At Creative Science I am constantly experimenting with new ways to move money into the social good space. To this end, I am constantly in search of effective solutions in the for-profit space that leverage behavioral science and translate them into charitable giving.
Recently, I’ve been wondering about other ways to encourage individuals to give.
How can we use psychology to make supporting NPOs more attractive? One concept that has recently caught my eye is called Prize-Linked Savings.
What is Prize-Linked Savings and How Does it Work?
Prize-linked saving accounts (PLSAs) are incentivized savings accounts that use the chance of winning a return to motivate people to build their personal savings accounts.
PLSAs, also known as lottery-linked deposit accounts, are savings accounts that distribute a portion of bank deposit interest payments as prizes, based on chance.
They provide the excitement of a sweepstakes or lottery, without the risk of losing the initial deposit. Commonly offered by banks, credit unions, and FinTechs, PLSAs occasionally provide returns in-kind, rather than cash prizes and have proven quite successful.
They provide the excitement of a sweepstakes or lottery, without the risk of losing the initial deposit.
These accounts are common throughout Argentina, Brazil, Colombia, Germany, Indonesia, Iran, Japan, Mexico, Oman, Pakistan, Spain, South Africa, Sri Lanka, Turkey, the United Arab Emirates, and Venezuela, and have been in increasing demand in recent years.
The key to a successful PLSA lies within this variable reward component. The possibility and anticipation of a larger payout is what makes PLSAs so attractive. It’s the same reason people play the lottery and check their phones consistently throughout the day — the chance to win is enough to draw participation.
Could a similar concept translate to the social good space?
What if we shifted the idea of Prized-Linked Savings towards the charity space? Could we integrate the same variable reward component of a PLSA into the social good space?
What if we shifted the idea of Prized-Linked Savings towards the charity space?
With this I’d like to introduce a new concept — Prize-Linked Giving.
My hypothesis is this: prize-linked giving has the potential to incentivize giving and make it more appealing for supporters.
If used correctly, could it have a massive, positive impact on the bottom line of NPO and social good organizations everywhere?
Introducing Two Models of Prize-Linked Giving
Prize-linked giving borrows the core concept from PLSA, the variable reward component but aims to encourage people to support nonprofits and social good organizations, instead.
In each model a charity wins big. One model revolves around giving, while the other focuses on saving.
Here are the two core models I’m currently proposing for prize-linked giving:
1. Donate to your charity of choice and give it the chance to win big
In this model, you donate money to a charity of your choice and by doing so you also enter the charity into a drawing to win a large sum of money.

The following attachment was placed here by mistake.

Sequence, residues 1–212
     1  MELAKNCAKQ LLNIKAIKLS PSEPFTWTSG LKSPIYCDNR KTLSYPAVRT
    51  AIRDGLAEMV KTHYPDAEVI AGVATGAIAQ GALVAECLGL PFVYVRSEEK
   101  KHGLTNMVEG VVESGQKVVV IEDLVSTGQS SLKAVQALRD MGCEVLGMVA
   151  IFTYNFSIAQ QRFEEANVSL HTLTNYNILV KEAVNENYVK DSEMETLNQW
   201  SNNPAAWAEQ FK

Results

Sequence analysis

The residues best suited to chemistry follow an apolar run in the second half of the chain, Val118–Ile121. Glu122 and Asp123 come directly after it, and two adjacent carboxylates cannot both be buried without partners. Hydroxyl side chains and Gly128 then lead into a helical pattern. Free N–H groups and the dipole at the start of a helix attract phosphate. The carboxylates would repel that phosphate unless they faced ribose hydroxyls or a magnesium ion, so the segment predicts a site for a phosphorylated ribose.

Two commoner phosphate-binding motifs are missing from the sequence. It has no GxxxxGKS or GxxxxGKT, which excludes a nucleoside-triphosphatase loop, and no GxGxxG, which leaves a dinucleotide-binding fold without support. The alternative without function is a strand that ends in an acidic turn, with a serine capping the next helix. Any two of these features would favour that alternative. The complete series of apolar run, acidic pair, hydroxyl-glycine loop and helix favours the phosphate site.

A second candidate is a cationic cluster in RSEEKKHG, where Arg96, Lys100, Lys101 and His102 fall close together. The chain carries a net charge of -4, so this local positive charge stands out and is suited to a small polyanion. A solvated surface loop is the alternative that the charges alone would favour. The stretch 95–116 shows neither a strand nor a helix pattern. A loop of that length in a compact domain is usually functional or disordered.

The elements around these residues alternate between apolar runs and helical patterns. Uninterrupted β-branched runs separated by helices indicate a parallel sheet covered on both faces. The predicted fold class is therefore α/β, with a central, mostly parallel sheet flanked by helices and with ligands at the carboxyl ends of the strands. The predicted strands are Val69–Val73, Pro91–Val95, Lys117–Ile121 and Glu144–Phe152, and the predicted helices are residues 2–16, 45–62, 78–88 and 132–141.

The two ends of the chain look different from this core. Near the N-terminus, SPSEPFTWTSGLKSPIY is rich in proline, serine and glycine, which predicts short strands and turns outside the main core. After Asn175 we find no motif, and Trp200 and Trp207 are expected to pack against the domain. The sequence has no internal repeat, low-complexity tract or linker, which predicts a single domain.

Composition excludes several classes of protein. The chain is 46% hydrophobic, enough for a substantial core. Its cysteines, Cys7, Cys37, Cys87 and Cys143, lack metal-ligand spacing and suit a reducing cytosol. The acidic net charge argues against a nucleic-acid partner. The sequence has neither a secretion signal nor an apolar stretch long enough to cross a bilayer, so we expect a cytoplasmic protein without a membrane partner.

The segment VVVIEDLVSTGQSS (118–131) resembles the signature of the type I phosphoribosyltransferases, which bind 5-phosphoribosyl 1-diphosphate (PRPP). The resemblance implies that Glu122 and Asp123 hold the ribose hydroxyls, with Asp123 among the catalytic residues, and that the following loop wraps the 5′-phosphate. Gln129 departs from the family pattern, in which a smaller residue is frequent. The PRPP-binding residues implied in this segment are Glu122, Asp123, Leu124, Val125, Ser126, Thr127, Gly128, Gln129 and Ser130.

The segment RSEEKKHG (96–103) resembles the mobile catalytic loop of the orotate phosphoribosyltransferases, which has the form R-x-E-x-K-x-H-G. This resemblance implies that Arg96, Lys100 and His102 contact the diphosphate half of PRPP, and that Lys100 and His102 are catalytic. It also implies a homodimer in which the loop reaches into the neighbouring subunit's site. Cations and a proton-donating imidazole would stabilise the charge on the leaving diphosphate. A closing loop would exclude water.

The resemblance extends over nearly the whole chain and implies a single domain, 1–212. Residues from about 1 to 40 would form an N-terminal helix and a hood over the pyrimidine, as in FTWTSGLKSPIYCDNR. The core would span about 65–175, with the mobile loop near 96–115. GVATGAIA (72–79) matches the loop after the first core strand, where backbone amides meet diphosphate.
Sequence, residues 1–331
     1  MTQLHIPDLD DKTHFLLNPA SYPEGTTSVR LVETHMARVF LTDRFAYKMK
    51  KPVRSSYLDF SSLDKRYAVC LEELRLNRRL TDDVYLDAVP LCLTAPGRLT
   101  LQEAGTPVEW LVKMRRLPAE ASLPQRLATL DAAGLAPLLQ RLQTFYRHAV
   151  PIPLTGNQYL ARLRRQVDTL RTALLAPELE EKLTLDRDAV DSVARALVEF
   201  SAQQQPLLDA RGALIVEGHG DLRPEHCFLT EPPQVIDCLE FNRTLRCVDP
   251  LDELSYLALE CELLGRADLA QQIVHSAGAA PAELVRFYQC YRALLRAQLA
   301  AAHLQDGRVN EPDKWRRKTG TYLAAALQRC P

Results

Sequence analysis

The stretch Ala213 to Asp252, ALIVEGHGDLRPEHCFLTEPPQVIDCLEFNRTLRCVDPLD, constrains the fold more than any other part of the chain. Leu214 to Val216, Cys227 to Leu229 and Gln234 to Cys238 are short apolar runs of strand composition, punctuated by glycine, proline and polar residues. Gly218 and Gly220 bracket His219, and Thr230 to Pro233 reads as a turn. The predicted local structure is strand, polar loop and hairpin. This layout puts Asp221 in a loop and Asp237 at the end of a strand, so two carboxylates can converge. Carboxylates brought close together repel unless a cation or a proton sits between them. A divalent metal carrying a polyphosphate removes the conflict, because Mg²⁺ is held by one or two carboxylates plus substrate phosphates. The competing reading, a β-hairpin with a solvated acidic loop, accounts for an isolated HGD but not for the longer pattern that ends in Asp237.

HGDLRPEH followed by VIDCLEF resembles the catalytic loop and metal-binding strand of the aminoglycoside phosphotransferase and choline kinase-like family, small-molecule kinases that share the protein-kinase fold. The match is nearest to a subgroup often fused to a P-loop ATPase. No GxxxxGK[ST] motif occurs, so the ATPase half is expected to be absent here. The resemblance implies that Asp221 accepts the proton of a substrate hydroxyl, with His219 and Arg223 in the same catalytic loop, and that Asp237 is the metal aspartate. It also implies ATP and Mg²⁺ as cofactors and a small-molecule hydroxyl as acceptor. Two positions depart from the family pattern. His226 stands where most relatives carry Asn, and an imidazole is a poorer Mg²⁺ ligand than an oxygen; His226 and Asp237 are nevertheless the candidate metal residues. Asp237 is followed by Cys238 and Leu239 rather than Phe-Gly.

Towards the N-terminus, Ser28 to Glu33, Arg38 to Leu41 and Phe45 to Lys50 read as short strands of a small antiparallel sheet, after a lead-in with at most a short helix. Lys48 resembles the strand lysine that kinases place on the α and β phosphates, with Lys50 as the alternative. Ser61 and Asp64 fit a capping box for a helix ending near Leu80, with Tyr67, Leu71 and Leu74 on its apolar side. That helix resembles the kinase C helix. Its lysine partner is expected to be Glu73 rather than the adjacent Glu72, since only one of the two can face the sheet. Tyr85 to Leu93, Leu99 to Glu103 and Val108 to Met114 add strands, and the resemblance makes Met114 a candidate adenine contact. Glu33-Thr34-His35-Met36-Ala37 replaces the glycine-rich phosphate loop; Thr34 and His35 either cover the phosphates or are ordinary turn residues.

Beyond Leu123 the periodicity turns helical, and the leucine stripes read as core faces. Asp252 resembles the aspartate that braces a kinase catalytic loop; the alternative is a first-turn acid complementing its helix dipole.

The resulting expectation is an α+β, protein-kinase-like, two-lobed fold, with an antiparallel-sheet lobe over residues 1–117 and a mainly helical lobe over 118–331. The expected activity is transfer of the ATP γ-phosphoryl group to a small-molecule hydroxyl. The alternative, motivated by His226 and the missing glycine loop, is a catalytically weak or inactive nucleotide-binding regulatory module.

For example, you donate $100 to Charity:Water. Charity:Water is now entered into a raffle to win $80,000.
Instead of your donation going to the charity right away, it is held in an investment fund for a year while it earns interest. At the end of the year, the total interest earned on your donation (and all the other donations collected) will be raffled off to one lucky charity.
For Example: You give $100 to Charity:Water. Charity:Water is entered into the raffle. Meanwhile, 999 other people donate $100 to various other charities. Those charities are also entered into the raffle. Their donations are held in the same investment fund for a year.
The total sum of the donations held equals $1,000,000 (10,000 donations x $100 per donation = $1,000,000 in total donations).
Over the course of the year the $1,000,000 earns 8% interest. The prize money is now $80,000 ($1,000,000 x 8%).
At the end of the year, all the charities receive the initial donations while the $80,000 in prize money is raffled off to one lucky charity.
2. Save money on behalf of your charity of choice and give it the chance to win big
In this model, money is held in an index fund, and the interest earned is raffled off to a lucky charity.
For example, you save $100 and select Charity Water as your preferred nonprofit. Charity Water is now entered into a raffle to win $80,000.
How does it work? Your deposit is held in an investment fund for a year, where it earns interest. At the end of the year, the total interest earned on your deposit (and all the other deposits) is raffled off to one lucky charity. The money you saved ($100) is returned to you.
This is the same concept as the prior one. Instead of donating $100, though, you’d be saving $100.
The Future of Giving: Incentivization is Key
In a world where everything from building a savings account to learning a new skill is gamified or incentivized, nonprofits can’t afford to be any different. As the world of nonprofit giving moves forward, I anticipate giving and engagement models adopting behavioral science ideas more readily.
In a world where everything from building a savings account to learning a new skill is gamified or incentivized, nonprofits can’t afford to be any different.
We are currently running several studies on the the models proposed for prize-linked giving and will report back soon with our findings.
Until next time,